Disabling Magic Quotes
disable magic quotes, make sure each of the directives is disabled. In
php.ini, you can do this with the following:
magic_quotes_gpc = Off
magic_quotes_runtime = Off
magic_quotes_sybase = Off
If your access to PHP configuration directives is limited to
.htaccess, you can use the following instead:
php_flag magic_quotes_gpc Off
php_flag magic_quotes_runtime Off
php_flag magic_quotes_sybase Off
In some shared-hosting environments, neither of these options may be available to you. I’ve been fortunate enough to have never been involved with any projects that can only afford shared hosting. There are many reasons why you might find yourself developing an application that must be capable of being hosted on a shared server — it’s for a small company with a small budget, it’s an application that you want to distribute widely, or it’s an application for shared hosting providers.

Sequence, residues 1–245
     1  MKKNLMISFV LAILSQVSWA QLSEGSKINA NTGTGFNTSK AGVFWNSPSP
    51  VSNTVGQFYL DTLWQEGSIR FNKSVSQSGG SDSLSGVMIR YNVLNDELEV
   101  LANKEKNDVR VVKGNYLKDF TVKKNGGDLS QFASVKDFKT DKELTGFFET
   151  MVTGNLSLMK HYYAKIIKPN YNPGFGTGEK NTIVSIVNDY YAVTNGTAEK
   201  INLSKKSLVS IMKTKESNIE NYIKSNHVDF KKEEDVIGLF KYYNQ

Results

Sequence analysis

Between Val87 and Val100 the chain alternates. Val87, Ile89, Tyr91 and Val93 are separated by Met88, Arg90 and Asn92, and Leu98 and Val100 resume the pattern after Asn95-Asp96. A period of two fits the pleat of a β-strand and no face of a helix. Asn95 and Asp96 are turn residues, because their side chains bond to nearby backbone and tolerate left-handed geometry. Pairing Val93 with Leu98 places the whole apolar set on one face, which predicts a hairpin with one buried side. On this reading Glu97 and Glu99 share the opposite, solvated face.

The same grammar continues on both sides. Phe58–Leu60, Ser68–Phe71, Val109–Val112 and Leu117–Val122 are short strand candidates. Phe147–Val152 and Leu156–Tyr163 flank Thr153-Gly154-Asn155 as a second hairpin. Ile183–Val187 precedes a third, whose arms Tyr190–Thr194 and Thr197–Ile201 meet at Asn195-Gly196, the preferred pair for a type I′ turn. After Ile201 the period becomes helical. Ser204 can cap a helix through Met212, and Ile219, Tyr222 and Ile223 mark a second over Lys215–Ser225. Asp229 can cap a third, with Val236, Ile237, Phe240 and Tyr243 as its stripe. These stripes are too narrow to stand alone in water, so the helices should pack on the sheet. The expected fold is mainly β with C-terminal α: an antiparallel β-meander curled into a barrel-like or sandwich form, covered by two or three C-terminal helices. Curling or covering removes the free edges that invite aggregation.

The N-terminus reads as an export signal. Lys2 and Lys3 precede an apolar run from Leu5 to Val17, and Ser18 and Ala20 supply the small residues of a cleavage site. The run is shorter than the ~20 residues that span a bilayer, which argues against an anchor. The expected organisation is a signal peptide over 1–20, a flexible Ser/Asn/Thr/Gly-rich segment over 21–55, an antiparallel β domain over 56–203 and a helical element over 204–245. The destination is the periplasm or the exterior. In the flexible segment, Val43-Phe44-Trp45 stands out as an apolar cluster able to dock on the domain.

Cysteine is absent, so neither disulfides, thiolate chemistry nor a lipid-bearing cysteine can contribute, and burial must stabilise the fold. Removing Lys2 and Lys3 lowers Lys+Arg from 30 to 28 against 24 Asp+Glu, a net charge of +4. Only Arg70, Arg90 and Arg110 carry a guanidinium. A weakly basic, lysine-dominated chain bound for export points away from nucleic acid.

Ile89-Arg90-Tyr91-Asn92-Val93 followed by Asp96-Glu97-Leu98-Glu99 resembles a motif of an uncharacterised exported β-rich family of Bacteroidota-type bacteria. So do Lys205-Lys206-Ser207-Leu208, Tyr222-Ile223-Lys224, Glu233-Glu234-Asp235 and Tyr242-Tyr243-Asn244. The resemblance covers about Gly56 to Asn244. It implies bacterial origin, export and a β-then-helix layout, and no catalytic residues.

There is a
fix_magic_quotes() function that was written for the NYPHP article on working with databases.
This function takes into account each of the
magic quotes directives and restores all data affected by them. This function
needs to be called before any action (such as filtering) is taken on the data.
And, of course, this should be considered a last resort.
Until Next Time…
I hope I’ve sufficiently convinced you to never develop with any of the magic quotes directives enabled. They are a horrible practice that no PHP developer should participate in. If you thought they were useful for security for some reason, hopefully you now realize that this is nothing more than a misconception.
Until next month, be safe.